Julie Apicella, whose daughter had cancer, posted a photo on Facebook that not only touched many hearts online but also helped increase awareness about childhood cancer.
The left side of the photo showed her daughter Emily wearing her uniform and smiling at the camera for her 2015 back-to-school pose. The right side of the photo showed the same location where the first was taken, but Emily wasn't there. It was taken in 2016.
"School photo time - obviously someone very special missing - my daughter Emily," Julie's Facebook post read. "Imagine if your school photo this year is the LAST you will ever be able to take and will just be a memory to remember."
Writing on the comment thread, Julie explained that her daughter's picture was taken on January 2015 when Emily just started attending her new school after they moved. By September of the same year, "she was too ill to go to school."
Emily battled kidney cancer and passed away in December 2015, according to Fox 25.
Her mom posted the pictures to let more people know about cancer of children. She encouraged social media users to put a gold ribbon on their profile pictures to raise more awareness about the disease.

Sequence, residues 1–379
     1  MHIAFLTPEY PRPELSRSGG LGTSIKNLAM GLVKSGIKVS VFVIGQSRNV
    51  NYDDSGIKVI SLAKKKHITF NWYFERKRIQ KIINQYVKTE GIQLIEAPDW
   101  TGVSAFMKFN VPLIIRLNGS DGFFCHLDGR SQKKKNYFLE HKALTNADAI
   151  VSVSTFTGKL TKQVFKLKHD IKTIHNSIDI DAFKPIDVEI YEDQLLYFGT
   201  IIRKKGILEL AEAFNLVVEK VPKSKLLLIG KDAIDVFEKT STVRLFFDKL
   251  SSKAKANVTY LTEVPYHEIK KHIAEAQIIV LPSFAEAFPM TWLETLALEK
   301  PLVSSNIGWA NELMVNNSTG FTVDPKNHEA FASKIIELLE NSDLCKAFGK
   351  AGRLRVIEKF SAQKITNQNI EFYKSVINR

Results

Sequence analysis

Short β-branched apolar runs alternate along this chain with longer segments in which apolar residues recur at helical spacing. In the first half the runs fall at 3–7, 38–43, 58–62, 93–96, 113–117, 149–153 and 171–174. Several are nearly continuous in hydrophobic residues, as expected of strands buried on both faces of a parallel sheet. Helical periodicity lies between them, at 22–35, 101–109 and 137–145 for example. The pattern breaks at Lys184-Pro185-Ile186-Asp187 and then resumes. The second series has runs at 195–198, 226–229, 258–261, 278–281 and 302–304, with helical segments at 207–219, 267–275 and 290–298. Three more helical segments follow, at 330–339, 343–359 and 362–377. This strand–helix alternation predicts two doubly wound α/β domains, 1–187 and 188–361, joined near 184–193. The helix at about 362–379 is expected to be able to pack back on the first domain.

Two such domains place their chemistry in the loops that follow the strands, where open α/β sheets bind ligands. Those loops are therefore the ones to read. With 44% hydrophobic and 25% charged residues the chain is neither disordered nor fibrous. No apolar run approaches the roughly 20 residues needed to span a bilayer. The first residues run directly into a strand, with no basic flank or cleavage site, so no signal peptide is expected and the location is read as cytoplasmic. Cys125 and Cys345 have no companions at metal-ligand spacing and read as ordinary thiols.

Julie said childhood cancer is not as rare as people think, and 1 in 285 kids will receive a cancer diagnosis. Being aware of the facts is the first step, she emphasized.
"Raising awareness of symptoms and that childhood cancer is not rare is the first hurdle to jump," she wrote.
Through her Facebook post, Julie hopes that more people will know about childhood cancer and "eventually the gold ribbon of childhood cancer will be as well known as the pink ribbon for breast cancer."
The photo has been shared more than 10,000 times so far.
Replying to a comment on her post, Julie admitted she was not strong enough to deal with what happened. She wrote that what happened to Emily was a "situation in which you have no control over," and all she could do was "deal with the cards."
According to the U.S. Centers for Disease Control and Prevention, more than 35,000 men and 21,000 women are diagnosed with kidney and renal pelvis cancer every year. Of these, about 9,000 cases in men and 5,000 cases in women end up in death.
Symptoms of the disease include blood in the urine, a lump near the kidney area, lower back pain, feeling of being tired, recurring fever, loss of appetite and unexplained weight loss, the CDC said. Maintaining a healthy weight, doing regular exercise and eating a healthy diet can help prevent this type of cancer.